I was created by Victor Frankenstein, but I was left alone. Seeing the outside world made me realize how little I was welcomed and how much I was betrayed. So, I dedicated myself to making my creator’s life as horrible as mine. Being lonely is not something I could’ve taught myself, because I already knew what it was since my creation. All these memories of loneliness brought me to the revisited hotel room. Just the thought of being with someone gave me an internal choice, which made me smile. I truly wished that there was someone in this world that cared for me. Until then, I am bathed in an isolated light.

Progress Report 7

Artwork by Mania Efstathiou: Hotel Room Revisited, Urban Solitude, and The Pink Flops

Authors: Jacob Bergson, Mario Manthios, Luke Troncale, Stefano Yozzo

Today is the seventh day I’ve spent alone in this cold and dark space that I call home. There hasn’t been anyone who is interested in talking to me. They are all too busy with work and numbers. It’s the same thing every day, and then I’m thrown right back into this room, with a mattress, a mirror, and a pink pair of flip-flops. The window in front of me is letting me see, but do I really want to see? It’s making me scared, and my palms are sweaty, my knees weak, and my arms are heavy. I go outside to take a walk and see an old abandoned house. Even though the house is old and torn down, it was quiet and peaceful. I wonder who used to live in the house and why, why was this right outside of the lab. It makes me remember the days, the days where I had friends, the days that I was not the smart one. I revisited my hotel room in urban solitude.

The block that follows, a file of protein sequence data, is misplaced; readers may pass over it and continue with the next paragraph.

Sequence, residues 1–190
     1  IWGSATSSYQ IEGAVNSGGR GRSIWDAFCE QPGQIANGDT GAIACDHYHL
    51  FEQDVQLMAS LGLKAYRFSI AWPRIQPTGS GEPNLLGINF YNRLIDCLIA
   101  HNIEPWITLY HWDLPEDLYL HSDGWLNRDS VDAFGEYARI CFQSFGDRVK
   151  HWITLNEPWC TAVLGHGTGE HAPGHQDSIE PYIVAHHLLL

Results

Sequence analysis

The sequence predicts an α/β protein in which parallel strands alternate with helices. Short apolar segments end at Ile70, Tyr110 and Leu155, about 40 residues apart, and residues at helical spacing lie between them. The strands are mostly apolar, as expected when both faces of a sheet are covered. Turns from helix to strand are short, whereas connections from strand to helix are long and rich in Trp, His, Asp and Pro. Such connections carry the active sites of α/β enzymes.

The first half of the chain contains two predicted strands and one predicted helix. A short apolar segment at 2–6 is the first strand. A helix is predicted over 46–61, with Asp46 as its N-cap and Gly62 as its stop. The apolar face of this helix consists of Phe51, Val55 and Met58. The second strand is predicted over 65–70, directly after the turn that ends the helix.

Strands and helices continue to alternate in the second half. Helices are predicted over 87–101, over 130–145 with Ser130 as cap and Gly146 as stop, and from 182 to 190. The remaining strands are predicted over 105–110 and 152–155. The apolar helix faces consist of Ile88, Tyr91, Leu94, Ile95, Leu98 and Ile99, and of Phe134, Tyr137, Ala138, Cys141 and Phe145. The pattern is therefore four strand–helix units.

RELATED

LONDON - A second generation Greek-Cypriot in London, Georgina Hayden has used her heritage to write cookbooks showing off recipes from her homeland and her latest, Greekish, offers everything from Baklava cheesecake to Burnt Butter Eggs and Goat’s Cheese.

Top Stories

Columnists

A pregnant woman was driving in the HOV lane near Dallas.

General News

NEW YORK – Meropi Kyriacou, the new Principal of The Cathedral School in Manhattan, was honored as The National Herald’s Educator of the Year.

Video

1 of 2 Abducted Louisiana Children is Found Dead in Mississippi after Their Mother is Killed

JACKSON, Miss. (AP) — A Louisiana woman was found dead in her home Thursday, and her two young daughters were abducted and found hours later in Mississippi — one dead and the other alive, police said.

Licensing your intellectual property rights (IP) to a third-party as an additional source of revenue through the commercial exploitation of your IP or for expansion purposes can be an effective strategy to grow your business and extend your reach.

Cyprus and the European Parliament weren’t ready for Fidias Panayiotou, who had no qualifications to run for a seat in the 720-member body, which made him more qualified than most of the people in there.

To the Editor: Greeks are well aware that U.

Joseph Kenworthy was a British member of parliament who disliked and distrusted prime minister David Lloyd George’s Near East foreign policy and support of the Greeks.

Enter your email address to subscribe

Provide your email address to subscribe. For e.g. [email protected]

You may unsubscribe at any time using the link in our newsletter.